Why do we tell stories, and how are they crafted? In this series, we unpick the work of the writer on both page and screen.
Adelaide-born, award-winning playwright Stephen House has created many plays, exhibitions and short films. He usually directs and performs his work. Although writing poetry came to him early, he has only recently, in middle age, compiled his best poems in his first collection, real and unreal (2018).
In it he offers a unique journey into worlds and ways that are not often written about. Self identifying as a “queer-nomad”, House describes himself as “definitely not straight”.
While real and unreal doesn’t set out to shock, it deliberately opens doors that are mostly left closed. The poems are frank in their exploration of male queerness and raise social justice issues: the plight of the underclass (as House calls it), and the effects of homophobia, domestic violence, abuse, exploitation, sex work, poverty and discrimination.
Take his poem “who we are”, for instance:
a young man and woman jog together towards us
pass us at the water’s edge
fucking faggots he sniggers
disgusting she adds
they keep running on their way
he lets go of my hand
more than their abuse did
An observational tone
The collection has an observational tone. There is often a sense House is on the outside looking in. He shares the world in which he lives matter-of-factly, whether it be chaotic, calm or an adventure down a dark alleyway.
House left school at 15, worked in a factory and then travelled around for years living in the back of a car, doing odd jobs and working for short stints.
he lives in an ragged tent amongst coastal gums i sleep in an old car moulded into sand-hill bush
i’m not sure why
at my camp i make a driftwood fire
cook my food
warm my body
write a poem
about a driftwood mountain that changed my life
(excerpt from “driftwood mountain”).
While forging a career as a playwright for 20 or so years, House was also writing and performing monologues. Although he hasn’t dropped theatre completely, he now tends to write poetry because of his growing fascination with glimpses of situations rather than full stories, and because poetry fits in better with life on the road.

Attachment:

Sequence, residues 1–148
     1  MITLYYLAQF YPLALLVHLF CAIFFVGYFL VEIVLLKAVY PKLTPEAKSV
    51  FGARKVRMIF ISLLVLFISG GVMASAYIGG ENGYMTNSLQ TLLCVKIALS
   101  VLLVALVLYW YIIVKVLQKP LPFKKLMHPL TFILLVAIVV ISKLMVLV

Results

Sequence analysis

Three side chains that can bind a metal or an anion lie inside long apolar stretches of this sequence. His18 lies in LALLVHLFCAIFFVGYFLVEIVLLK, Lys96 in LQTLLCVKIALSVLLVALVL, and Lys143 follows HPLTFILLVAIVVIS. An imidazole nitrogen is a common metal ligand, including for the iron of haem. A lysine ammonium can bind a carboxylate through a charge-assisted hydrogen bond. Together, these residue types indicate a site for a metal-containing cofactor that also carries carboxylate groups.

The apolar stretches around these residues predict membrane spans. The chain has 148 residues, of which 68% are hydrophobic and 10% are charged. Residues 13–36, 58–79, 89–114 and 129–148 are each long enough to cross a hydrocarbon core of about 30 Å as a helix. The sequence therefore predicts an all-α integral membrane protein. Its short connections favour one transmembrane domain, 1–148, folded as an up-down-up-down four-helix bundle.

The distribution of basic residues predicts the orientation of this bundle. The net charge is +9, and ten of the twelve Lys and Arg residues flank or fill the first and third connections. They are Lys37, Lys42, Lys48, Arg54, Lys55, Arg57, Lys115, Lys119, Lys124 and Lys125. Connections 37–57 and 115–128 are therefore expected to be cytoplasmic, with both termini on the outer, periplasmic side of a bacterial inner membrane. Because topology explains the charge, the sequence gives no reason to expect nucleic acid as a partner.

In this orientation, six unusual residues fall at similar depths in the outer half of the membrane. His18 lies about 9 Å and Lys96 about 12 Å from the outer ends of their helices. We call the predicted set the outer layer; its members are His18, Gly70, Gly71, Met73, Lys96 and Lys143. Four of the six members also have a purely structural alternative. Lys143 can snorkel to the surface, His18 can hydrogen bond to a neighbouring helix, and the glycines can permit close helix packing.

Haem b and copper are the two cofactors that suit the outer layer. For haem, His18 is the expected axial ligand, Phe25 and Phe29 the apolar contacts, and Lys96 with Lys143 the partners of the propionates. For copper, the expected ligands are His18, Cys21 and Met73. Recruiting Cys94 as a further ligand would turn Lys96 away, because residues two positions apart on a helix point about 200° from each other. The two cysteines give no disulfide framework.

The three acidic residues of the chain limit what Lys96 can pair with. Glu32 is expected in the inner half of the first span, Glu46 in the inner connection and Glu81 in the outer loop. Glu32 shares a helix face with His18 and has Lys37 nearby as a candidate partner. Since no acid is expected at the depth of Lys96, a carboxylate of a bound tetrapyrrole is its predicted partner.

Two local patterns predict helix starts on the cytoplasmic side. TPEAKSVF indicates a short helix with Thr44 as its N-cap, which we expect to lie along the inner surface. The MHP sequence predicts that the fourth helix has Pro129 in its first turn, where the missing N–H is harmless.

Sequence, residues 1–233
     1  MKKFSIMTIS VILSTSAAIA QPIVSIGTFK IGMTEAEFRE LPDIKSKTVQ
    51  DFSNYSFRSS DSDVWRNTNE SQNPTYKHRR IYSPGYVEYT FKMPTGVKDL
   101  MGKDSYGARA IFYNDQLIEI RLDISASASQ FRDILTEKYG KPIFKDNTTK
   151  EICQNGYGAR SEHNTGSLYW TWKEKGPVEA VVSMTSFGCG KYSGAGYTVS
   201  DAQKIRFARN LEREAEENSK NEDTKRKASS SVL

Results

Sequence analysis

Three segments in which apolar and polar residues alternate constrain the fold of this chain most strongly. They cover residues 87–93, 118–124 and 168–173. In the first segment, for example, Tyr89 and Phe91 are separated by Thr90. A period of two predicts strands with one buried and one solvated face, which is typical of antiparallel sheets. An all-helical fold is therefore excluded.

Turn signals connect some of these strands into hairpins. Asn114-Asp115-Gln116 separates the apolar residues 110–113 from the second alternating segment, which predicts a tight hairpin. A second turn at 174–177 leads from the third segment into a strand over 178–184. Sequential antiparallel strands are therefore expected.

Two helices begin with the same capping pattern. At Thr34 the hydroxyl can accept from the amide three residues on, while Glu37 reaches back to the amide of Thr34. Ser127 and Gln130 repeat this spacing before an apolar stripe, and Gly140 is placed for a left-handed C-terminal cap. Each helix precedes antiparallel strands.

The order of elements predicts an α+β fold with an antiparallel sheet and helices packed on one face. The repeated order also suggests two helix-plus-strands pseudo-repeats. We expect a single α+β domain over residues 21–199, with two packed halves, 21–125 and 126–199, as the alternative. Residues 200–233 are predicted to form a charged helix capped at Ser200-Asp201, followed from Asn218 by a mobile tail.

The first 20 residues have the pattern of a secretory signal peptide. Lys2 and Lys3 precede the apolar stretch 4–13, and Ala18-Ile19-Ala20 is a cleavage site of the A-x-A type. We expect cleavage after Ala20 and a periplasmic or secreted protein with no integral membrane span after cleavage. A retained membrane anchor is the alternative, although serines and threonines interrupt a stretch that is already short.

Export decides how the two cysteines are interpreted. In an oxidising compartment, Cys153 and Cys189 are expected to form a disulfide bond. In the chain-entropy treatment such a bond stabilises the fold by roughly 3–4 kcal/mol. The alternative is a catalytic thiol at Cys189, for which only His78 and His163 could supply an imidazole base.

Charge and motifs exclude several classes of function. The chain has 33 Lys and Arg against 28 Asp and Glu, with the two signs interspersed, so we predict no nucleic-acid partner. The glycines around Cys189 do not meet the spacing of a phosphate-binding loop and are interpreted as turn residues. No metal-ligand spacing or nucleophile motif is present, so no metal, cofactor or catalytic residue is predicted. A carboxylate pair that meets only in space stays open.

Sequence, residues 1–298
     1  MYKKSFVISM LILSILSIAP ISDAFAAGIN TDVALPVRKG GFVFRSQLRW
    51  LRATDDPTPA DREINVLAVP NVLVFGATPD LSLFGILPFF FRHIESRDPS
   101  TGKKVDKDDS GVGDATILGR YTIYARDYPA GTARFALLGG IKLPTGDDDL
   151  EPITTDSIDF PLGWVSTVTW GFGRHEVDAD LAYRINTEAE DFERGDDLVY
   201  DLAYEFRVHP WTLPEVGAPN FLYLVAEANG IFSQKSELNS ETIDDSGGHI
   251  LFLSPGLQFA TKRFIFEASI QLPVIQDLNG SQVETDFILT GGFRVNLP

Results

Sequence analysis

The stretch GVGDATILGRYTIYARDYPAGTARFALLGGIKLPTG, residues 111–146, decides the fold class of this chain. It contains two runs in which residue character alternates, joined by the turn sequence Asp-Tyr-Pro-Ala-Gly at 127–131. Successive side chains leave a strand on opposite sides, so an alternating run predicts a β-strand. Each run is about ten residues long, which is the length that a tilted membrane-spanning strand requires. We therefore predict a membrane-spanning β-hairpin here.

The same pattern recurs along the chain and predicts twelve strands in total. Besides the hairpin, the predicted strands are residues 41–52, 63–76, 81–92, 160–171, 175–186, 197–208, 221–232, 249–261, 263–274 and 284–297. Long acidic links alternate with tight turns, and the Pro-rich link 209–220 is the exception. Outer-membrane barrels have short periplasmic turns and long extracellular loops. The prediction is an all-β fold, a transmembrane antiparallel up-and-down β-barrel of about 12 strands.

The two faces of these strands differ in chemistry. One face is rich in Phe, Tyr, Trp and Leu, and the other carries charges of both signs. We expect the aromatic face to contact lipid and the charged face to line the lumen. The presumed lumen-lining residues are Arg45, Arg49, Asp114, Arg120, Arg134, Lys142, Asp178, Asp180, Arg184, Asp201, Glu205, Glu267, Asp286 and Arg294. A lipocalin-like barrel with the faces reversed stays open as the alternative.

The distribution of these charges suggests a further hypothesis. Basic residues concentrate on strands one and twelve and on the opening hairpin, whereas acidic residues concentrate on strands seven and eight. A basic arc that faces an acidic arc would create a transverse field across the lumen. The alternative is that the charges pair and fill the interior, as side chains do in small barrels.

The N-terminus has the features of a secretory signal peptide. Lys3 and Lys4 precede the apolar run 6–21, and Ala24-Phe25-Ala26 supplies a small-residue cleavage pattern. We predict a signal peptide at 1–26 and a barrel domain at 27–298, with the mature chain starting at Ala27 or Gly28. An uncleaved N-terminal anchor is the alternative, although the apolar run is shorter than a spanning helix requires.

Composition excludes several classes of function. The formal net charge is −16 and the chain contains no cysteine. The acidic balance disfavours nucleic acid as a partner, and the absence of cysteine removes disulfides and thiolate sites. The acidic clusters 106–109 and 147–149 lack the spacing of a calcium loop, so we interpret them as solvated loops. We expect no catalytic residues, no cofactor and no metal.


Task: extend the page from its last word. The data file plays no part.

from where I was
(excerpt from the poem “self”).
House’s poems usually begin with an idea that grows as he wanders along, taking in the environment around him. From there the scrawling starts; dot points and scribbles in a cafe or bar, alone. Then a process of refinement until the piece tells him it’s finished.
He steers away from traditional forms of poetry, avoiding typical poetic conventions and rhyme unless it occurs naturally in sections. Just as he takes risks in life, he does so in his work: blurring forms and often swaying into prose poetry.
once I think
i’m not sure where and when
i order a long black
he looks at me
man on man gaze
(Excerpt from the poem “where and when”).
Despite limited education or knowledge of literature, House has developed a unique, succinct voice. There is no single rhythm and no one structure in his work. The vivid world in which he lives and its translation into poetry is based on a flow of consciousness – and he works until, as he puts it, he knows it feels right.
A spontaneous method
His method is never the same – like his life, it is spontaneous. In the poem “when i write”, House opens up about his habits and thoughts on writing.
Real work occurs in a kind of way that is sober and steady.
Though still unmeasured and unplanned,
it has the comforting foundation of safe and calm.
Drinking writing never comes under the title
of writing properly; though I got that bizarre piece
(about my appalling behaviour in “Paris”) down on paper,
major drinking bender and all, so who the fuck knows…
Conversely, sometimes his life is very scheduled, offering a program for his writing to occur:
pray to Lord Ganesh
chant to Lord Shiva
yoga in lounge room
breakfast in kitchen
coffee in cafe
swim at beach
(excerpt from “write”).
House’s work is not entirely autobiographical. Although he writes in the first person, a few of the poems are imagined stories. “Mummy” is the experience of a man confronting his homeless mother in a park, about the abuse he suffered as a child. When I interviewed House in Adelaide, he said he was told this true story, but when he tried to put it down impersonally, he felt it lost the immediacy. So he made it his own:
I clutch the image and drift into what I was and live;
grip tighter at her grimy claw. She murmurs.
“What did you say, Mummy?”
real and unreal is gritty, moving, dark and full of experiences that shock, sadden and entertain. The poems can be read as a collection, or individually in any order.
… and if you’ve never jumped on a train
of indulgent destruction
to find out who you are
and lost almost everything
to a washy game of anarchy
punctuated with humiliating dysfunction
you can never understand
about coming back
slowly and gradually
(Excerpt from the poem “reflection”)